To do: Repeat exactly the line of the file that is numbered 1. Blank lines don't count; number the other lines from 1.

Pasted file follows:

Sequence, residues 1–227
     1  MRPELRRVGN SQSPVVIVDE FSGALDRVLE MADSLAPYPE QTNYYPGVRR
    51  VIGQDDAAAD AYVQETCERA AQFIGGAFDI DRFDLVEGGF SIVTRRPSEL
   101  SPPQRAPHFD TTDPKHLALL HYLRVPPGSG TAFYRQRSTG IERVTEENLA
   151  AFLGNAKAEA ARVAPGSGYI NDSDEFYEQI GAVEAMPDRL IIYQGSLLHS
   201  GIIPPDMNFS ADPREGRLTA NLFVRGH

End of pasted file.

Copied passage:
Sequence, residues 1–227